"Rat’s Weddings" galore as Vietnamese woodcut artist prepares for Tet

By Ngoc Thanh, Thanh Lam   January 19, 2020 | 07:38 am GMT+7

A Dong Ho woodcut paintings artist is busy with the “The Rat’s Wedding”, a highly popular traditional motif, for the upcoming Tet festival.

57-year-old Nguyen Huu Qua is one in three people who are still pursuing the art of Dong Ho folk woodcut painting. Qua is 20th artisan generation of the Nguyen Huu family. The Dong Ho painting originated in an eponymous craft village on the banks of the Duong River in Bac Ninh Province, about 35 km (21 miles) from Hanoi.

57-year-old Nguyen Huu Qua is one of just three people who are still pursuing the art of Dong Ho folk woodcut paintings in the eponymous craft village in Bac Ninh Province, about 35 km (21 miles) from Hanoi. 

As the year of rats is coming, paintings of the animal are getting more popular. The Rat’s Wedding is one of those.

As the upcoming Tet is the Year of the Rat, "Dam Cuoi Chuot" (The Rat’s Wedding) is in high demand.

The Rat’s Wedding woodblock.

"The Rat’s Wedding" woodblock.

Paint is applied to the woodblock and pressed on a sheet of paper, like a stamp. The process is repeated with different colors in different woodblocks. To make perfect artworks, Qua chooses high-quality wood with smooth surfaces to avoid scratches.

Paint is applied to the woodblock and pressed on a sheet of handmade paper, like a stamp. The process is repeated with different colors with different woodblocks. To make his work perfect, Qua chooses high-quality wood with smooth surfaces.

The original Dong Ho paintings did not have garish colors. They were warm and easy to the eye, all made from all natural materials: red from the rock on Thien Thai Mountain, white from the shell of scallops, black from the ash of burned bamboo leaves, yellow from flowers of the Japanese pagoda tree, and green from the bark of cajuput trees.

The original Dong Ho paintings did not have garish colors. They were warm and easy to the eye, all made from all natural materials: red from the rock on Thien Thai Mountain, white from the shell of scallops, black from the ash of burned bamboo leaves, yellow from flowers of the Japanese pagoda tree, and green from the bark of cajuput trees.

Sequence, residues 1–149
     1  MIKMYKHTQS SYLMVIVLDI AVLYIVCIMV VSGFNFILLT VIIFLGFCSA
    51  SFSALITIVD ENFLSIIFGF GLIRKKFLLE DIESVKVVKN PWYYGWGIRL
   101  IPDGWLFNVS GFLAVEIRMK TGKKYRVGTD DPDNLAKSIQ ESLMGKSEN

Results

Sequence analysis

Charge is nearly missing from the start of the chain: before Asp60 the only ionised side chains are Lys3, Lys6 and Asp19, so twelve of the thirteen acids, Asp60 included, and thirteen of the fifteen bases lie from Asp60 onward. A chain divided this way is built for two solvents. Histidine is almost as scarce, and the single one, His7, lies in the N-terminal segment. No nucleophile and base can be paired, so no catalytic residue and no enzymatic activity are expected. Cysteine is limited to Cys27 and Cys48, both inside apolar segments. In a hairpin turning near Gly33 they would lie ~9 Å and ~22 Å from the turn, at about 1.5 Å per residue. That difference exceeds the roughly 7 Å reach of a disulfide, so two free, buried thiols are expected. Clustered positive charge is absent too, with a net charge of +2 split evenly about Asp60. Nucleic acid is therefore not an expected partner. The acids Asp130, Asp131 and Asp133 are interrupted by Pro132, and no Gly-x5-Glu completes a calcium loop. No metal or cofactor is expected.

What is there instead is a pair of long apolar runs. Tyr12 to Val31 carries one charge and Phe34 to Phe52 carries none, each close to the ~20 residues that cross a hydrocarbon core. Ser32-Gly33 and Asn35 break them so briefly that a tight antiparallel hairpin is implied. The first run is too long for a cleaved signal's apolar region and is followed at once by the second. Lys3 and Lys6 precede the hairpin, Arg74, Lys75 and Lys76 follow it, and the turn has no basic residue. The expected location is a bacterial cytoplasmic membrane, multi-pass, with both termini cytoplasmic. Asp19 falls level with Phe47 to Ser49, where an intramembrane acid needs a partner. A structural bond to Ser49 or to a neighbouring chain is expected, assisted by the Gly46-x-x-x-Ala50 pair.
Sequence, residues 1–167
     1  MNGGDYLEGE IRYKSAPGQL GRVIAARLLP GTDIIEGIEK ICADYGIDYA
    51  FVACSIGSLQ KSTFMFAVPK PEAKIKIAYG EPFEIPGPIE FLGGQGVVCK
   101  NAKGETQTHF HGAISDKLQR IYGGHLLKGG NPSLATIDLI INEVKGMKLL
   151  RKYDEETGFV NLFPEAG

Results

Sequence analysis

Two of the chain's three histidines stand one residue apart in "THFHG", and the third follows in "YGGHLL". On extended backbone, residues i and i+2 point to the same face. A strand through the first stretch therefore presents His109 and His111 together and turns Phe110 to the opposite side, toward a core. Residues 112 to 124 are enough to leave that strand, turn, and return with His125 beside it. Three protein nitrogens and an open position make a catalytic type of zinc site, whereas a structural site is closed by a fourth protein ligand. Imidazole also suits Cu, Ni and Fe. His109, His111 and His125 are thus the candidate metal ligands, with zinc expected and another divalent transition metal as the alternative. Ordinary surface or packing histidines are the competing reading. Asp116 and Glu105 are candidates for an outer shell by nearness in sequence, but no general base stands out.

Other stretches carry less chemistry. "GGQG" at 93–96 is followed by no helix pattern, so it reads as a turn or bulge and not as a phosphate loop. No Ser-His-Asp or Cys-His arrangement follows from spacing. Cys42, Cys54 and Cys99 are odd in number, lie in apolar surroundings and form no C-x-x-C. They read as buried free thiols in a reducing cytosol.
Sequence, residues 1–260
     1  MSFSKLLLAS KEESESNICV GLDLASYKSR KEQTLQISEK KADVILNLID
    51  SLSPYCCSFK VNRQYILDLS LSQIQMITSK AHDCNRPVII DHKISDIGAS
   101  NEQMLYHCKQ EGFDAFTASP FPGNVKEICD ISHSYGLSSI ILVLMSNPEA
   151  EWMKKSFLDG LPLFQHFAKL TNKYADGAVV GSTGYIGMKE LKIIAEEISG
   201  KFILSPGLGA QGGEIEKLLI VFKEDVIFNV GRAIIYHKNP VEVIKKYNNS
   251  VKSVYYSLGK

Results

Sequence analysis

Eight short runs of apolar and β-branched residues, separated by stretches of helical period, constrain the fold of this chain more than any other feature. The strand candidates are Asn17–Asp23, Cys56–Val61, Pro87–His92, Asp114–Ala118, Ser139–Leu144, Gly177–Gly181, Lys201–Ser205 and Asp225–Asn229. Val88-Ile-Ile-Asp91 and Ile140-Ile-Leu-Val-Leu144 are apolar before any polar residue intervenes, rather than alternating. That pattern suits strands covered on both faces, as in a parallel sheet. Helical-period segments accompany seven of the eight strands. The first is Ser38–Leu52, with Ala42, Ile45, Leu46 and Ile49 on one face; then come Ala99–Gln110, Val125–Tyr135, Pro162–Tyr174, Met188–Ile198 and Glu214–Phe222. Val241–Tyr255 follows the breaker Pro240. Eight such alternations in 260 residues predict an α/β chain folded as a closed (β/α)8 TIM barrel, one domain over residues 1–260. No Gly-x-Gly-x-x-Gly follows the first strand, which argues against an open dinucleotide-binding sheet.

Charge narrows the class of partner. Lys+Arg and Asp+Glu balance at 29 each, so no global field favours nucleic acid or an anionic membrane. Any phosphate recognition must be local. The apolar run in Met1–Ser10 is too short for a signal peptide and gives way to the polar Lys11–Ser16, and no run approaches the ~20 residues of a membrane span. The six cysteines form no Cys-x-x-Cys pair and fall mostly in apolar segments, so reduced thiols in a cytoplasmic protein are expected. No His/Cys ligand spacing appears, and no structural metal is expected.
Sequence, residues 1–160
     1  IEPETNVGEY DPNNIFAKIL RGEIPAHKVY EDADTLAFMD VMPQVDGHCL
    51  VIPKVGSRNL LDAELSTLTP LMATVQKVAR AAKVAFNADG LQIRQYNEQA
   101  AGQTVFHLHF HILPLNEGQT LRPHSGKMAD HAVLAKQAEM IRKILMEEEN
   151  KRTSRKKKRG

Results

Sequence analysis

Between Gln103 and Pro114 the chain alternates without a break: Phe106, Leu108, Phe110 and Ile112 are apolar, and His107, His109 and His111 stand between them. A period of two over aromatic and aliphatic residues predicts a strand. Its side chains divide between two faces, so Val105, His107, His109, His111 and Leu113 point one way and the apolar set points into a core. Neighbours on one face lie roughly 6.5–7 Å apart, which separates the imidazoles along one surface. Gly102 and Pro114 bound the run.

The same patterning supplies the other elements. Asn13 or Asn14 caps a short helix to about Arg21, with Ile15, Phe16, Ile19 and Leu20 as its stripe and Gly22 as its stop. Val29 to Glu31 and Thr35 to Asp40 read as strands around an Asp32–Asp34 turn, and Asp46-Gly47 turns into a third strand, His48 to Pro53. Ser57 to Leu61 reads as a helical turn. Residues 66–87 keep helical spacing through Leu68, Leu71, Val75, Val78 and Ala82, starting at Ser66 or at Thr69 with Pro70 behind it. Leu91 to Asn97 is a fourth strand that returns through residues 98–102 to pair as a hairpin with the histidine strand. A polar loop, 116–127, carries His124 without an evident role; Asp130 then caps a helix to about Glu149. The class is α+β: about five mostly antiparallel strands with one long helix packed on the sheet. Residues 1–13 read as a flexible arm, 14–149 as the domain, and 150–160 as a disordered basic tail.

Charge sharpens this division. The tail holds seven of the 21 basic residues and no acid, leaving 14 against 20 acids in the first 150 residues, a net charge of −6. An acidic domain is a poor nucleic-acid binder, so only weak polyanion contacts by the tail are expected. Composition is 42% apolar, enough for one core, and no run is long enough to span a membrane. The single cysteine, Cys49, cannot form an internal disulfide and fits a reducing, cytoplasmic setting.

Red color is created from grinding the rock onto a china plate. The powder is mixed with water and sticky rice paste to prevent fading.

Red color is created from grinding the rock onto a china plate. The powder is mixed with water and sticky rice paste to prevent fading.

The traditional papers have a layer of powder of scallop  shells, making it shiny. The order to print is red/purple comes first, then green, yellow, back and white. After printing each color, the artisans have to wait around half an hour and use a traditional material to rub the paper, ensuring the colors are perfect.

The traditional papers have a layer of scallop powder, making it shiny. The order to print is that red/purple comes first, then green, yellow, black and white. After printing each color, the artisans have to wait for around half an hour and use a traditional material to rub the paper, ensuring the colors are evenly spread.

With large paitings, instead of using woodblocks, Qua has to draw and paint. The largest artworks  he has painted is Ca Chep, 79 centimeters wide and 109 centimeters long, and was finished in 7 days.

With large paintings, instead of using woodblocks, Qua has to draw and paint.

Dong Ho paintings used to be popular in Tet, but the declining demands make many people abandon the traditional art, according to Qua. He added that most of his clients are foreigners and overseas Vietnamese. This year, his family makes 200 sets of calendar with postcards, notebooks. All are about rats.

The Dong Ho paintings used to be popular at Tet time, but declining demand make many people abandon the traditional art, Qua said. Most of his clients are foreigners and overseas Vietnamese, he added. This year, his family has made 200 sets of calendars, postcards and notebooks, all themed on the rat.

 
 
go to top